Step 4 | Assemble The Boards And Frame Together:
You’ll need a way to secure the boards together so you’ll start by creating the back frame. Turn the front sides of your boards over to make a frame on the back. Then, take a piece of the 2 x 1” pine that is 15 ½” long and line it up perpendicular to the boards. Bring it about 1 ½” in from the edge so it’s not as visible from the side so that it leaves about 1 ¼” from the top and the bottom. Use bar clamps to hold your canvas boards together.
Step 5 | Fasten The Frame To The Boards:
Now, also clamp the 4 x 1″ wood and 2 x 1″ frame piece together, then drill a pilot hole so the wood doesn’t split. Be careful not to go through the front side of the canvas. Hint: Mark your bit with blue tape to create a flag stop so you know where to stop drilling.
Screw in your first screw to help secure the 2 boards. Then continue on drilling a pilot hole in the 2 x 1” so you have one through each 4 x 1” board. Put screws through each hole. You will do the same on the other side, also perpendicular, but position your 2 x 1’s first in case the cuts aren’t perfect, and use that as your starting point on where to line up the 2nd 15 ½” 2 x 1″.
Step 6 | Fasten the Last 2 Frame Pieces:
Take your remaining 2 x 1′ s and position in between the 2 perpendicular boards, one at the top and one at the bottom so you have a square shape. Drill 3 pilot holes, one in the middle, the other 2 about an inch in from the ends, add screws. Repeat for the last one.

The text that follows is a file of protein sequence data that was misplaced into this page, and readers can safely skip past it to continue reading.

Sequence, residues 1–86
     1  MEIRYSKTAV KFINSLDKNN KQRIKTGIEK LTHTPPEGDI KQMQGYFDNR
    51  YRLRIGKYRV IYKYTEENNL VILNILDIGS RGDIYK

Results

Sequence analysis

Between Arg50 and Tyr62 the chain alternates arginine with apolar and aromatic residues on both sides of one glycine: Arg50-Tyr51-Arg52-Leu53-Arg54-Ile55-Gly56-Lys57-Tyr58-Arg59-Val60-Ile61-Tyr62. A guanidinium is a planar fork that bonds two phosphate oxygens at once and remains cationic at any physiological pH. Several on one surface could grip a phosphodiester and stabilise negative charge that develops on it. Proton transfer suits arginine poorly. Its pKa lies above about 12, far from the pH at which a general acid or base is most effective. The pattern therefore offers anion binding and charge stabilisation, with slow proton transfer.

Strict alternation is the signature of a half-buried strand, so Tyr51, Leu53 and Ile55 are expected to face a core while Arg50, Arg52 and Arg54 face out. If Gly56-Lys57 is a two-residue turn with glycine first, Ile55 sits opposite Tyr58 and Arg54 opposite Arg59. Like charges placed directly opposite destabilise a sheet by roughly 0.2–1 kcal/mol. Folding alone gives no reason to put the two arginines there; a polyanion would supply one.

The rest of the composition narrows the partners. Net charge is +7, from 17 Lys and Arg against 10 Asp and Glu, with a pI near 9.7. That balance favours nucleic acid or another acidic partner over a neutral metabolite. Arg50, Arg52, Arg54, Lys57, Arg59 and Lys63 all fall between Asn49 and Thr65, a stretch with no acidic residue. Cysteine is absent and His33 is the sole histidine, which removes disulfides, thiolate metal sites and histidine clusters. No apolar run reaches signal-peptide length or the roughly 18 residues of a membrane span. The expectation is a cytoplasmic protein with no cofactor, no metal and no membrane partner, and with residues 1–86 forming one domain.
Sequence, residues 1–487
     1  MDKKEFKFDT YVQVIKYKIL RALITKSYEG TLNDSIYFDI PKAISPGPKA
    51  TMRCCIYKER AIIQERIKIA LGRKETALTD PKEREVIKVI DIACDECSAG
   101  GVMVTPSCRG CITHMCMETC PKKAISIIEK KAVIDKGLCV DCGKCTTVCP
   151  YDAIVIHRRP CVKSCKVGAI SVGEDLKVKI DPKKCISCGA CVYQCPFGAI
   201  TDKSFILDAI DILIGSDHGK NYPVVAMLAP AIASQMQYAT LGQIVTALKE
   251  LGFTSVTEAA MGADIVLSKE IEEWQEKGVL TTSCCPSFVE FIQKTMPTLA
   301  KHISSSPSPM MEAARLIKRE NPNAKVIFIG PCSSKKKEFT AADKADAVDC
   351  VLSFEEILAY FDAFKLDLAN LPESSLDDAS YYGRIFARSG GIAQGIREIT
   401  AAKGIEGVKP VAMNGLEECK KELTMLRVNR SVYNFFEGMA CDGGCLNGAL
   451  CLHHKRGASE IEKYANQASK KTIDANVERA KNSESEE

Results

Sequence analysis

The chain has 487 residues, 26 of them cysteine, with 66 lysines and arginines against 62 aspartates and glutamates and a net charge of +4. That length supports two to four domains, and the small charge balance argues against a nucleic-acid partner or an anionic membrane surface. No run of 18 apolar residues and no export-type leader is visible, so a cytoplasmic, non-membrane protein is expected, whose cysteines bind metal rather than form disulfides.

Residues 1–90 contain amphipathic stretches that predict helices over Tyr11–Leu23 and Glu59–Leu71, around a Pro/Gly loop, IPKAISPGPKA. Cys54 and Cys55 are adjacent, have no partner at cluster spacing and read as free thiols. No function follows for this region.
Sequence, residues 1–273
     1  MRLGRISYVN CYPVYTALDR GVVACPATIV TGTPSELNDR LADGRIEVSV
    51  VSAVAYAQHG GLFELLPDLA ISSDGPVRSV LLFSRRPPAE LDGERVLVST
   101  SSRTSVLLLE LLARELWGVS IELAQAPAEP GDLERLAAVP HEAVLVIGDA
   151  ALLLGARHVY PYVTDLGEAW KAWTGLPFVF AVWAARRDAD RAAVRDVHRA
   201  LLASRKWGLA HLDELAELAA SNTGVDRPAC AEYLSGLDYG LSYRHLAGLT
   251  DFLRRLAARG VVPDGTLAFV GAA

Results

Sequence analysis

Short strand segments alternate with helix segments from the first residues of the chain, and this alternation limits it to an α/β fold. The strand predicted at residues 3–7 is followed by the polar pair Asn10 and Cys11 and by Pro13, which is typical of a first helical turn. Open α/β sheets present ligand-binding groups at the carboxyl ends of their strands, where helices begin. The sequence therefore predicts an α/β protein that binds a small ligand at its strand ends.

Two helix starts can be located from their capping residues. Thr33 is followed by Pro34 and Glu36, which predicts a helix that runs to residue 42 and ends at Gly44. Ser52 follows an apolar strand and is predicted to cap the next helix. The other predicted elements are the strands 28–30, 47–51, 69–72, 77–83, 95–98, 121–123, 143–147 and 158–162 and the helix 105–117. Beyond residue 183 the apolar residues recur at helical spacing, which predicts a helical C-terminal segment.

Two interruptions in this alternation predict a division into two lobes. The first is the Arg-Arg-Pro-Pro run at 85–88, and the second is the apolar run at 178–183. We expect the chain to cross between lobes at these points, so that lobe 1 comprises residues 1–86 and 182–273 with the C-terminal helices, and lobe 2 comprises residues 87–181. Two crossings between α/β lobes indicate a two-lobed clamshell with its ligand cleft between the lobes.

Step 7 | Create the Artwork For Your DIY Wood Painting:
If you already have your image or are going to draw freehand then jump to step 16.
Photoshop: I was intimidated to draw freehand, so here’s my technique for creating this block print-like style using the Cutout effect in Photoshop.
Step 8 | Initial Photoshop Steps:
That’s my Lucy! Yes, she goes for walks and loves them.
Open up your image in Photoshop, crop it as tightly as possible. Duplicate the background so you can reference it if you need to. You are going to turn it into a black and white image. Go to Image: Adjustments: Black & White, and press Auto. Go to Image: Adjustments: Threshold to get your image looking the way you want. You want a lot of contrast and to brighten it. You want enough detail that it shapes the image nicely, but not too much detail. After the next step, if it doesn’t look right, the Threshold is where you should come back to and adjust and try again.
Step 9 | Next Photoshop Steps: